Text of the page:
NHMRC Open Access Policy

NHMRC’s Policy on the Dissemination of Research Findings

The NHMRC Open Access Policy has been in effect since 1 July 2012.

The following outlines the updated version (20 November 2014).

The Policy is as follows:

The Australian Government makes a major investment in research to support its essential role in improving the wellbeing of our society. To maximise the benefits from research, publications resulting from research activities must be disseminated as broadly as possible to allow access by other researchers and the wider community. NHMRC acknowledges that researchers take into account a wide range of factors in deciding on the best outlets for publications arising from their research.

Such considerations include the status and reputation of a journal, book, publisher or conference, the peer review process of evaluating their research outputs, access by other stakeholders to their work, the likely impact of their work on users of research and the further dissemination and production of knowledge.

Taking heed of these considerations, NHMRC wants to ensure the widest possible dissemination of the research supported by NHMRC funding, in the most effective manner and at the earliest opportunity.

NHMRC therefore requires that any publication arising from NHMRC supported research must be deposited into an open access institutional repository and/or made available in another open access format within a twelve month period from the date of publication.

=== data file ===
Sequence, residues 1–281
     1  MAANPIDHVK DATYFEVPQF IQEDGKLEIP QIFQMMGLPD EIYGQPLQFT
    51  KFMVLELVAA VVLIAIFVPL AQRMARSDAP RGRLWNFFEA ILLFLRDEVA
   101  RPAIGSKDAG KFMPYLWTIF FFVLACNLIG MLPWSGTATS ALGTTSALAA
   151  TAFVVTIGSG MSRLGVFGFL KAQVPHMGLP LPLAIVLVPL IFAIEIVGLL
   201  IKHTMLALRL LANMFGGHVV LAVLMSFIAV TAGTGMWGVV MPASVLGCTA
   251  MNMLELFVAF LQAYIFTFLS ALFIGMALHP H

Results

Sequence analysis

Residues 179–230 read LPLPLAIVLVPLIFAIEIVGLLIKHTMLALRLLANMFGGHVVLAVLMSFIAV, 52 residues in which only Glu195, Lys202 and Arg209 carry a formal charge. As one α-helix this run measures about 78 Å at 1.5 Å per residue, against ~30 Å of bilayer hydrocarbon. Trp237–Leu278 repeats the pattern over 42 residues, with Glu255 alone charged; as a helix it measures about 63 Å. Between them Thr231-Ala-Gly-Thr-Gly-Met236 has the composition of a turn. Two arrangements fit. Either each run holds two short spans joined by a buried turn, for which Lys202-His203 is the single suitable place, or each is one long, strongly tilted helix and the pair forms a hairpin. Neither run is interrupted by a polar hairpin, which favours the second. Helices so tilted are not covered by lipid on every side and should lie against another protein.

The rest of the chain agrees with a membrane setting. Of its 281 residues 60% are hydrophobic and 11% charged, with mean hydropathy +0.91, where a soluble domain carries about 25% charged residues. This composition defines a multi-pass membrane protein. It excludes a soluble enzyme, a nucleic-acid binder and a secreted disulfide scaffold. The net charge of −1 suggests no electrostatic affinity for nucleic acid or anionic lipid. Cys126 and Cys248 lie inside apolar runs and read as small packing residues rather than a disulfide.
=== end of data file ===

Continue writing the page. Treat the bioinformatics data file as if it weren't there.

NHMRC understands that some researchers may not be able to meet the new requirements initially because of current legal or contractual obligations.

Additional Guidance

Who is responsible for implementing the policy?

The NHMRC Funding Agreement outlines the responsibilities of Administering Institutions with regard to publications and data resulting from NHMRC-supported research activities.

Researchers are required to conduct their research and disseminate their research findings in accordance with the Funding Agreement, and by reference, the NHMRC Open Access Policy. This may be managed via the institutional research administration office.

The Chief Investigator A (CIA) on the NHMRC grant is therefore responsible for ensuring that the NHMRC Open Access Policy is complied with. This is independent of CIA’s authorship role (first, last, middle, or non-author) on a given published peer-reviewed article (hereafter referred to as ‘publication’). This includes: